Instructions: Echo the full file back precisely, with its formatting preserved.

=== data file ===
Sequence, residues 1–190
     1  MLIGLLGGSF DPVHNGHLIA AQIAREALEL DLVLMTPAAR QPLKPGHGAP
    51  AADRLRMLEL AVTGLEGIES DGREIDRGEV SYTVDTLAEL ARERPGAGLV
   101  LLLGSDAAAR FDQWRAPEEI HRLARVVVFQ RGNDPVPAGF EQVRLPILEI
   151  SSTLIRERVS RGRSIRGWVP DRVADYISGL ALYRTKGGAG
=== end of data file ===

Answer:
Sequence, residues 1–190
     1  MLIGLLGGSF DPVHNGHLIA AQIAREALEL DLVLMTPAAR QPLKPGHGAP
    51  AADRLRMLEL AVTGLEGIES DGREIDRGEV SYTVDTLAEL ARERPGAGLV
   101  LLLGSDAAAR FDQWRAPEEI HRLARVVVFQ RGNDPVPAGF EQVRLPILEI
   151  SSTLIRERVS RGRSIRGWVP DRVADYISGL ALYRTKGGAG